What is happening
Dish, the fourth-largest US carrier, claims to have rolled out 5G to 120 cities.
why is it important
Dish took on its fourth carrier role when Sprint and T-Mobile merged, and came under fire from the FCC for rolling out the service. It is supposed to be a viable competitor to its biggest rivals.
Dish will still need to provide more clarity on the service, which is only invited for the time being.
Dish Network updated its Project Genesis site on Tuesday to say 5G service is live in more than 120 cities, marking a nationwide coverage claim as part of a Federal Communications Commission deadline to roll out the service. at least one-fifth of the country’s population.
The announcement, a surprise change from earlier this morning when Las Vegas was the only live city, could signal that the company, widely known for its satellite television service, is finally taking the wireless business seriously. thread. Dish has acquired wireless spectrum for years, but very little of a wireless network has materialized. Then in 2020, Dish entered the mobile market by acquiring some of Sprint’s mobile licenses, which Sprint was getting rid of as part of its merger with T-Mobile. The complex transaction suddenly made Dish the fourth largest carrier in the country and led to the creation of the Dish Wireless service.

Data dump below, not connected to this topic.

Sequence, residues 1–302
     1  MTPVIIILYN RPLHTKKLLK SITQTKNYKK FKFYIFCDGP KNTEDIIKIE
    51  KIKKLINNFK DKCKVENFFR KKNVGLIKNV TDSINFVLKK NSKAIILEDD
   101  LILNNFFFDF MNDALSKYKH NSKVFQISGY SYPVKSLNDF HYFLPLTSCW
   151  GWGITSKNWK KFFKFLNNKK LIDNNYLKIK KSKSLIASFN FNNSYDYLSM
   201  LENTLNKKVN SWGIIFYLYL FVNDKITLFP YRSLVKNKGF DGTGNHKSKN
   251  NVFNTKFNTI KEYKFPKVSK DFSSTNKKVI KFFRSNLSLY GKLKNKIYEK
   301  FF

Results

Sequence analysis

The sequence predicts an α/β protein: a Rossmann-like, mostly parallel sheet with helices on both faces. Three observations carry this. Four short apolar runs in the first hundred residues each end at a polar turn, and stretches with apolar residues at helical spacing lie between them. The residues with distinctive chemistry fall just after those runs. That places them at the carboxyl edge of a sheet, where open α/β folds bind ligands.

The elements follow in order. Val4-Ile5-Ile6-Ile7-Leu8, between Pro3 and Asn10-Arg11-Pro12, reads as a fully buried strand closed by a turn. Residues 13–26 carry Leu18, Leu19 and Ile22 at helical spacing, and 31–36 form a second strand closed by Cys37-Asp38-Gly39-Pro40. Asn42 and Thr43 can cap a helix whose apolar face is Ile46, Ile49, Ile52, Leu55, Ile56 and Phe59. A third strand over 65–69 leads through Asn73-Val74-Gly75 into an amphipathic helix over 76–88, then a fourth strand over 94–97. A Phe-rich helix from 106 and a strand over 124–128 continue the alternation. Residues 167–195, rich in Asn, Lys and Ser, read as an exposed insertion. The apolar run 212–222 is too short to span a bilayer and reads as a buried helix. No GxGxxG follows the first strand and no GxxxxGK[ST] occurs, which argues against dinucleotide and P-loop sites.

But the FCC had a stipulation. To ensure competition, the regulatory agency asked Dish to ensure that 20% of Americans would be covered by its 5G network by June 14. It’s unclear whether the 120 cities enabled by Dish meet that threshold, and how many people the service covers. The service’s “beta list” is available by invitation only.
Dish and the FCC were unavailable for comment.
A host of problems conspired to trip up Dish. The company admitted in an earnings call earlier this year that it had underestimated the amount of work needed to set up its own 5G network. Supply chain issues have only made the situation worse.
It’s unclear if Dish will face any consequences if he ends up missing the deadline. Neither Dish nor the FCC responded to a request for comment.
Here’s what you need to know about Dish’s 5G plans:
Why did the FCC impose this requirement on Dish?
Deadline is the result of a huge shift in the US mobile industry two years ago, when T-Mobile and Sprint combined in a $26.5 billion deal. The FCC nearly canceled the deal, fearing it would lead to market concentration by pulling one carrier out of the market. Only AT&T, Verizon and the new T-Mobile would remain.
But Dish, which tried to add mobile service to its satellite TV offerings a decade ago, saw operator consolidation as an opportunity to become a mobile player. The company paid $5 billion for Boost Mobile, Sprint’s prepaid mobile brand, as well as Sprint’s 800 MHz wireless spectrum specifically for 5G. Dish has also obtained the rights to use part of T-Mobile’s 5G network.
Dish still had to build its own 5G network, a task it started mostly from scratch. To ensure that Dish’s mobile customers would receive solid service, the FCC originally set March 7, 2020 as the deadline for the company to roll out its 5G network. The FCC has also stipulated that coverage should reach 20% of the US population.